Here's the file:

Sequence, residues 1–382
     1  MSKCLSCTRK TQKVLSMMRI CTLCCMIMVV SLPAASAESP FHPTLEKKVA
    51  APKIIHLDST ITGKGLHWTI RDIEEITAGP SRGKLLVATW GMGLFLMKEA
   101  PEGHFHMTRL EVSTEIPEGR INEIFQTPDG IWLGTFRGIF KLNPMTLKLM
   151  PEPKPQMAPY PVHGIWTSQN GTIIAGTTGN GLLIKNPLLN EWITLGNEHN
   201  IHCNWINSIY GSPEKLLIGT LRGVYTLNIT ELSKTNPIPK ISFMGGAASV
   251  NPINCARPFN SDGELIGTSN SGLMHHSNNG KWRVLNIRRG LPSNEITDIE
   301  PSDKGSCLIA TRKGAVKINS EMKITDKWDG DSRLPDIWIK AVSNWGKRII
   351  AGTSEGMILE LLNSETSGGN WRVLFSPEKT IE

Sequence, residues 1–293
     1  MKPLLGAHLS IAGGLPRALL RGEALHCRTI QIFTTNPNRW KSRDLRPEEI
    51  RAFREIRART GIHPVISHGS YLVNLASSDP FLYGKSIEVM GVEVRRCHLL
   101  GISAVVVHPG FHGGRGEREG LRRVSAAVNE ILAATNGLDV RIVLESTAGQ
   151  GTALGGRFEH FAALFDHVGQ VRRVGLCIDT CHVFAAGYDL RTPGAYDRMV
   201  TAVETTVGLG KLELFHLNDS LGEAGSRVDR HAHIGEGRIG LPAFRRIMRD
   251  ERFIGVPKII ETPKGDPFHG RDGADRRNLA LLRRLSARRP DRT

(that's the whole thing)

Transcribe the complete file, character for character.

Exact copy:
Sequence, residues 1–382
     1  MSKCLSCTRK TQKVLSMMRI CTLCCMIMVV SLPAASAESP FHPTLEKKVA
    51  APKIIHLDST ITGKGLHWTI RDIEEITAGP SRGKLLVATW GMGLFLMKEA
   101  PEGHFHMTRL EVSTEIPEGR INEIFQTPDG IWLGTFRGIF KLNPMTLKLM
   151  PEPKPQMAPY PVHGIWTSQN GTIIAGTTGN GLLIKNPLLN EWITLGNEHN
   201  IHCNWINSIY GSPEKLLIGT LRGVYTLNIT ELSKTNPIPK ISFMGGAASV
   251  NPINCARPFN SDGELIGTSN SGLMHHSNNG KWRVLNIRRG LPSNEITDIE
   301  PSDKGSCLIA TRKGAVKINS EMKITDKWDG DSRLPDIWIK AVSNWGKRII
   351  AGTSEGMILE LLNSETSGGN WRVLFSPEKT IE

Sequence, residues 1–293
     1  MKPLLGAHLS IAGGLPRALL RGEALHCRTI QIFTTNPNRW KSRDLRPEEI
    51  RAFREIRART GIHPVISHGS YLVNLASSDP FLYGKSIEVM GVEVRRCHLL
   101  GISAVVVHPG FHGGRGEREG LRRVSAAVNE ILAATNGLDV RIVLESTAGQ
   151  GTALGGRFEH FAALFDHVGQ VRRVGLCIDT CHVFAAGYDL RTPGAYDRMV
   201  TAVETTVGLG KLELFHLNDS LGEAGSRVDR HAHIGEGRIG LPAFRRIMRD
   251  ERFIGVPKII ETPKGDPFHG RDGADRRNLA LLRRLSARRP DRT